We are apologize for the inconvenience but you need to download
more modern browser in order to be able to browse our page


Maximum impact on consumers,
minimum impact on
the environment.

16 June 2015

The governor of California has been forced to turn off the taps

The water crisis in America’s richest state reminds us what the most precious resource is and that we must not waste it.  

In the collective imagination California immediately brings to mind the fabulous villas shaded by palm trees; lovingly tended gardens; wide, ocean-kissed beaches; pleasant walks among fresh greenery; golf courses; vast farmlands; and the substantial vineyards of the Wine Country.

It is a region whose aesthetic beauty is complemented by its significant contribution to the US economy. Yet, for the last four years, California has been in the grip of drought and its soft features have been transformed into a rough and rugged landscape.

The current condition of the golden state is not only extremely dramatic but also unique in its history. The supply of drinking water is, therefore, being reduced to 25%. One of the determining factors for this decision is the abuse of the planet’s water resources, which are sending consistent and dramatic signals through the devastating climate change being experienced globally.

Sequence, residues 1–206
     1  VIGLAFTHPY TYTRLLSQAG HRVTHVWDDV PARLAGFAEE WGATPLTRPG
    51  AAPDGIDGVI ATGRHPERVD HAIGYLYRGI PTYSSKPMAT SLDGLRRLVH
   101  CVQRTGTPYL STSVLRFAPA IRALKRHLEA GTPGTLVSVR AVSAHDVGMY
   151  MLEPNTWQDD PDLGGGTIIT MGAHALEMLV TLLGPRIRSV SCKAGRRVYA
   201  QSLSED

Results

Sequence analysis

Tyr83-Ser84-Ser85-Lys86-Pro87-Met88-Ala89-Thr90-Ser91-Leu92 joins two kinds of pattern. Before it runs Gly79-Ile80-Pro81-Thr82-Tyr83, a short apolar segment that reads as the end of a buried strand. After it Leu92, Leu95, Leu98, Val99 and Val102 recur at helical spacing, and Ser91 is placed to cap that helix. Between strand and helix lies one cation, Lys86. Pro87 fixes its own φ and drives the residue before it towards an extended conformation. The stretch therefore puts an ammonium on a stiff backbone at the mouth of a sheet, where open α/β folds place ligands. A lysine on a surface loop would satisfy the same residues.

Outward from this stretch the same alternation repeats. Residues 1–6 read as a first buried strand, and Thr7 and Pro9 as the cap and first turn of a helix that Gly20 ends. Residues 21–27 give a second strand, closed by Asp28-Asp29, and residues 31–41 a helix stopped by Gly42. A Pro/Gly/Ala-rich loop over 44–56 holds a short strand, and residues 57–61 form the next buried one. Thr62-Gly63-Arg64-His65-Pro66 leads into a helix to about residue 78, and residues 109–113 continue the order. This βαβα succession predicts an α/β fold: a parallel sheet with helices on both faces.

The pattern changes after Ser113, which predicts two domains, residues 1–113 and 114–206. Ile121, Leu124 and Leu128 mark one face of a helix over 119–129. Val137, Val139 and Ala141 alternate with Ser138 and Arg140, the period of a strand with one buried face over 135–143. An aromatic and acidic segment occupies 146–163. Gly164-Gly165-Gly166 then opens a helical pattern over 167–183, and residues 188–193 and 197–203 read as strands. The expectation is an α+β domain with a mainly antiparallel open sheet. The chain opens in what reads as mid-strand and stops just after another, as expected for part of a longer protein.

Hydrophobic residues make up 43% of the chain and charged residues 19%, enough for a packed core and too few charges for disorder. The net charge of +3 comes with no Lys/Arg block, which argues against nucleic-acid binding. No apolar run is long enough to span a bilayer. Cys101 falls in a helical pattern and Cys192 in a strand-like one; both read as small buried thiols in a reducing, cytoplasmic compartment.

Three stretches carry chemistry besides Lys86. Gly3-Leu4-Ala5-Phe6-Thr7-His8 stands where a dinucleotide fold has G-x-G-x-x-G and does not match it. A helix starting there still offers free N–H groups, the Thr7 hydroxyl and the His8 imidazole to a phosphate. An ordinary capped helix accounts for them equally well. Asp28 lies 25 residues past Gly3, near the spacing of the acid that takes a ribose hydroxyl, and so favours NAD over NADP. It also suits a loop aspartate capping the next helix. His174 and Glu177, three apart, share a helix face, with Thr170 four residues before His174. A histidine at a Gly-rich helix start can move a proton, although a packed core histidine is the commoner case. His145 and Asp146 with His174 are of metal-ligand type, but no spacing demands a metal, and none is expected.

In California in particular, the catastrophic decrease in rainfall has devastated the entire population; snowfall in the Sierra Nevada is at zero; and lakes are disappearing.

It is clear that drought, as well as triggering a social emergency is also causing a political crisis. Governor Jerry Brown has a difficult task, that of having to determine water use according to the needs of the state’s main cities.

Rationing water will, therefore, be an important exercise in raising citizens’ awareness of the need to save water, in order to protect the lives of all. It will also make it possible for agriculture to continue production and remain an economic pillar for the United States, which it always has been. Indeed, California’s Central Valley is critical to the American agricultural sector, just as Silicon Valley is for the technology industry.


Share on FacebookTweet about this on TwitterShare on Google+
Instead of pesticides, a blue light
Italian tomatoes endangered by a Japanese grub

Comments are closed.